Electronic Thesis and Dissertation Repository


Doctor of Philosophy




Dr. Christine White, and Dr. Fred Longstaffe


This thesis investigates the relationship between disease and bone collagen isotope compositions, and uses isotopic analyses of human and faunal bone to examine the diet and geographic associations of two medieval (9th to 16th century) German communities derived from urban (Regensburg, n=111) and rural (Dalheim, n=24) contexts.

The first goal of this research was to determine the reliability of bone collagen isotopic compositions to characterize diet in unhealthy individuals. Examples of bone pathology were selected from two medieval samples and one modern/historic skeletal collection (n=49) in order to measure the extent to which pathology influences intra-skeletal isotopic variability. The carbon- and nitrogen-isotope compositions of collagen from pathological bone were compared to areas of related but unaffected bone. Individuals with osteomyelitic lesions or incompletely remodeled bone fractures demonstrated intra-skeletal variability in their nitrogen-isotope ratios. Overall, these differences were small, but larger than expected for normal intra-skeletal variability, and likely reflect changes in body metabolism that accompany chronic infection and severe trauma.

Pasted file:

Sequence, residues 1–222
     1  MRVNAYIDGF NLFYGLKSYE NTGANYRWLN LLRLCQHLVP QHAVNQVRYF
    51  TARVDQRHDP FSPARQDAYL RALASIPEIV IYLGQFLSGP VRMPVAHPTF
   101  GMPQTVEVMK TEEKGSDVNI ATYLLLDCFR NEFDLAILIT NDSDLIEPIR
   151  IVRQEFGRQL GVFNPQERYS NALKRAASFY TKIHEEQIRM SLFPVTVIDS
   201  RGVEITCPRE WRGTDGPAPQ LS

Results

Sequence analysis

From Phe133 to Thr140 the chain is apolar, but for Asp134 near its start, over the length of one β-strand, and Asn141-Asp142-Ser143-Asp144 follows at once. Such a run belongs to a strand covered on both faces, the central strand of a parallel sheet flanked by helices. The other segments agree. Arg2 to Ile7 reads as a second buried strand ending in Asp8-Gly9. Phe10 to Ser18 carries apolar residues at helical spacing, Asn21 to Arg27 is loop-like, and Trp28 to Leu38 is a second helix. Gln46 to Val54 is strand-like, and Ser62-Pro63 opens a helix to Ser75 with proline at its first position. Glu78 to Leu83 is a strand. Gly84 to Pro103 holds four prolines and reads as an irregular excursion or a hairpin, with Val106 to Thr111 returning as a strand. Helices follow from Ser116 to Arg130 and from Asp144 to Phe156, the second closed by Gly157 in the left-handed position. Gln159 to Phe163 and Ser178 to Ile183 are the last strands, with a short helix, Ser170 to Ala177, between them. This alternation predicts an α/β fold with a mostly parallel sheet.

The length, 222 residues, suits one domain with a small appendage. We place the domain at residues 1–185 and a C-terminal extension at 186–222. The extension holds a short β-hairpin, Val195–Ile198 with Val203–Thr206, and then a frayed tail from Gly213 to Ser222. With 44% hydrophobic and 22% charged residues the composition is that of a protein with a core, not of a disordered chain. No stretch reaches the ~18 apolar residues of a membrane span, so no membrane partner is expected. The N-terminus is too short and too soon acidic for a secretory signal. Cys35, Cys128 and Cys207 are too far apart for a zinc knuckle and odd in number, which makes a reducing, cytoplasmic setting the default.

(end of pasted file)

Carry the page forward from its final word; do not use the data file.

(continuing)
This work also assessed the reliability of interpreting distinct diets from inter-individual differences in isotopic ratios. The Regensburg sample was used to test whether or not a relationship exists between various diseases and bone collagen nitrogen-isotope compositions when skeletal elements exhibiting pathology are avoided entirely during sampling. Although a number of conditions were evaluated, no disease processes were found to seriously modify original collagen nitrogen-isotope compositions. These results suggest that individuals with obvious bone pathology need not be excluded from isotopic investigations of paleodiet.

The second goal of this research was to investigate the Regensburg and Dalheim populations in terms of diet and geographic identity using a multi-isotope analysis of human and faunal remains. At both sites, diets were based on C3 plants and/or plant-consumers, although minor consumption of millet (C4) cannot be ruled out. Differential access to dietary protein was observed in both communities, but the Regensburg residents likely consumed more foods from a higher trophic level (e.g., freshwater fish). The oxygen-isotope data for bone structural carbonate broadly associated most individuals with their region of burial but identifying specific geographic relocations within the region was not possible.